Tuesday - 11/25/2014, 11:03am EST
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Brian Krenzien, Science & Technology Transportation Security Lab, DHS

When things go boom, often the Homeland Security Department wants to know what it was. To do that it requires sophisticated explosives detection equipment. In fact, the idea is to detect the presence of explosives before they can be detonated. The DHS Science and Technology Directorate has just broken ground on a new lab for evaluating explosives detection equipment. Brian Krenzien, acting executive director of the Transportation Security Lab, joined Tom Temin on the Federal Drive with more.

Tags: DHS , Science and Technology Directorate , Brian Krenzien , explosives , explosives detection equipment , Transportation Security Lab , Tom Temin ,

Tuesday - 11/25/2014, 11:02am EST
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Monday federal headlines - November 24, 2014

The Federal Headlines is a daily compilation of the stories you hear discussed on Federal News Radio each day. It is designed to give FederalNewsRadio.com readers more information about the stories heard on the radio. In today's news, the Postal Service gets high marks from Americans, the White House names a new dessert honcho and up to 30,000 missing emails from former IRS official Lois Lerner have been recovered.

Tags: newscasts , In Depth

Monday - 11/24/2014, 08:09am EST

Ron Ross, FISMA Implementation Project Leader, NIST

Non-federal organizations and contractors may have sensitive federal information on their computers, but there are no consistent rules on how to keep that information secure. The treatment of Controlled Unclassified Information is the focus of a new set of recommendations. Ron Ross is a National Institute of Standards and Technology fellow. He is the lead author of the new guide, and joined Tom Temin on the Federal Drive to explain more.

Tags: Ron Ross , NIST , contracting , technology , cybersecurity , Tom Temin , controlled unclassified information

Monday - 11/24/2014, 10:38am EST
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Yvonne Jones, Director of Strategic Issues, GAO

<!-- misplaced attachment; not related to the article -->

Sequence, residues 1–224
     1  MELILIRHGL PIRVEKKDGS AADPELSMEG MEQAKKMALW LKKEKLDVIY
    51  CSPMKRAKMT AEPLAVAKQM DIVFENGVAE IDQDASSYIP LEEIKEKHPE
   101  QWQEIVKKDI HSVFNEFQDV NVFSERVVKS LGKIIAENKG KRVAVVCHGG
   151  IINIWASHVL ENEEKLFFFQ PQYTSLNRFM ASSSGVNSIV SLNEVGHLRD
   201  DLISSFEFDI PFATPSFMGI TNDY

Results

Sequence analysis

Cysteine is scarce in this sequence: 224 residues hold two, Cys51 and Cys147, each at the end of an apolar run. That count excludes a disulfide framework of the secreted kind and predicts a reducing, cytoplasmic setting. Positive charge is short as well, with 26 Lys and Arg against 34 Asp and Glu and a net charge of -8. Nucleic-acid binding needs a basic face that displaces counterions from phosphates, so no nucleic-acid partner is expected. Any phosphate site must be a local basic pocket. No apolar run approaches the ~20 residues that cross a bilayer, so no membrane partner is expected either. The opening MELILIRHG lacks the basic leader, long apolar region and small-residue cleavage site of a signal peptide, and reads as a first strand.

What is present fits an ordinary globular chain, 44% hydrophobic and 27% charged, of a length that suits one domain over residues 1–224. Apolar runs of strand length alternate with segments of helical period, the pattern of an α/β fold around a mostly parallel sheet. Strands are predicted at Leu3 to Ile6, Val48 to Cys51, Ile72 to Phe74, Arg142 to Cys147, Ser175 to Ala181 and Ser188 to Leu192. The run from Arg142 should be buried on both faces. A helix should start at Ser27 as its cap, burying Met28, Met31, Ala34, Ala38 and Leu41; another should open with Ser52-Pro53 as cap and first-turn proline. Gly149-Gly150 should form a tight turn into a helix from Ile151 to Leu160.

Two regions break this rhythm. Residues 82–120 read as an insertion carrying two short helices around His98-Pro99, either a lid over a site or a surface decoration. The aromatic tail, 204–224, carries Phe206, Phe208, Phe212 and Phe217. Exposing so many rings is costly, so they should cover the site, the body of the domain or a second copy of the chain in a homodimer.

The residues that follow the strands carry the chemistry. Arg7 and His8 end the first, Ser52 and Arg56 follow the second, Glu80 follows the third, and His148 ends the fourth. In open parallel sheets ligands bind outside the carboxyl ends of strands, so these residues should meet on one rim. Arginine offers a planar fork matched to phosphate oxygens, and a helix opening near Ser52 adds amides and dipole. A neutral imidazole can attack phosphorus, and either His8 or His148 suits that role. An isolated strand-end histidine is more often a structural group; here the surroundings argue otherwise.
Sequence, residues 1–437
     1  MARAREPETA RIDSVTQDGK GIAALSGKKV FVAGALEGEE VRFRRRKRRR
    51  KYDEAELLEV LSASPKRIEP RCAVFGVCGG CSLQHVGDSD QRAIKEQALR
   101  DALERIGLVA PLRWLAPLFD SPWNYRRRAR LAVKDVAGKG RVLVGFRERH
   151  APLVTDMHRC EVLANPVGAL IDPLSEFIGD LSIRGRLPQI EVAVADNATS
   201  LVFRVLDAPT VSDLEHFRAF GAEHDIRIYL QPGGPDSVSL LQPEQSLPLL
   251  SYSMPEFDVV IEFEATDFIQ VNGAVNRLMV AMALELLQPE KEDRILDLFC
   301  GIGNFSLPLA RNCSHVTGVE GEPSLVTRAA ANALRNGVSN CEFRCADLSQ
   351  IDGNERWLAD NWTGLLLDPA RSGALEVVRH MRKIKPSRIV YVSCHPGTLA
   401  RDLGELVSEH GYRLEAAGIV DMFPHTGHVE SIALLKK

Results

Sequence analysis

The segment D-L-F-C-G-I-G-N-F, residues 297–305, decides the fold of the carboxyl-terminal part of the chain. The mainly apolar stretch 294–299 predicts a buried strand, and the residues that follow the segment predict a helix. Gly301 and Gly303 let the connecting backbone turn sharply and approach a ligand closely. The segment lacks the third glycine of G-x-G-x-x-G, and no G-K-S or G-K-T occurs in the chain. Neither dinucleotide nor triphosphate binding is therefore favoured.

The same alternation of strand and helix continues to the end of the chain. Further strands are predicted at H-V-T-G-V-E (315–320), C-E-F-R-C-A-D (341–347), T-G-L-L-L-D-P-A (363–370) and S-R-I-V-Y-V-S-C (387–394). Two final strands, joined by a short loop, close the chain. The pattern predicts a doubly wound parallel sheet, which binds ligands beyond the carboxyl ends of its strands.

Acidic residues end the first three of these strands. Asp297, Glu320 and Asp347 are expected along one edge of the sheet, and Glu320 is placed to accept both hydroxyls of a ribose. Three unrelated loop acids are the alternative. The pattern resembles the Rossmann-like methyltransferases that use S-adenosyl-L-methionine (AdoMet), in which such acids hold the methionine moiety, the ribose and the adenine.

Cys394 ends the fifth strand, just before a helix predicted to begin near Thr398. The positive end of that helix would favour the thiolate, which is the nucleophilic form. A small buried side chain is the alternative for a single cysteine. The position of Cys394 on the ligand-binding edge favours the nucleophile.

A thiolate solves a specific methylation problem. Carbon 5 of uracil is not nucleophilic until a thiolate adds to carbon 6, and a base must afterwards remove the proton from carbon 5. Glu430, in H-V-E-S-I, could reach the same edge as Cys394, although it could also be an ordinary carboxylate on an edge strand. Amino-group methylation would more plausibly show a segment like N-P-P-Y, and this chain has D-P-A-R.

Incoming Senate Majority Leader Mitch McConnell (R-Ky.) promises to avoid another government shutdown. Lawmakers have until mid-December to turn that promise into reality. Or not. It's a good idea to be prepared. The Government Accountability Office reviewed how agencies handled last year's lapse in appropriations. Yvonne Jones, the agency's director of Strategic Issues, explained the findings on the Federal Drive with Tom Temin.

Tags: Yvonne Jones , GAO , Tom Temin , Mitch McConnell , Senate , Congress , government shutdown , continuing resolution , budget

Monday - 11/24/2014, 10:51am EST
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Paul Davies, Diplomatic Security Chief, State Department

Two years after Ambassador Chris Stevens and three other Americans were killed in a terror attack in Benghazi, Libya, training for the Diplomatic Security Service has undergone a thorough overhaul. The training course for high threat posts is now 10 weeks instead of five, and it's so realistic trainees might forget they're actually on a military base in Virginia. Paul Davies, Diplomatic Security Chief for High Threat Training at the State Department, spoke with Tom Temin on the Federal Drive.

Tags: Paul Davies , Diplomatic Security Chief , State Department , Chris Stevens , Benghazi , Tom Temin , embassy , security

Monday - 11/24/2014, 10:59am EST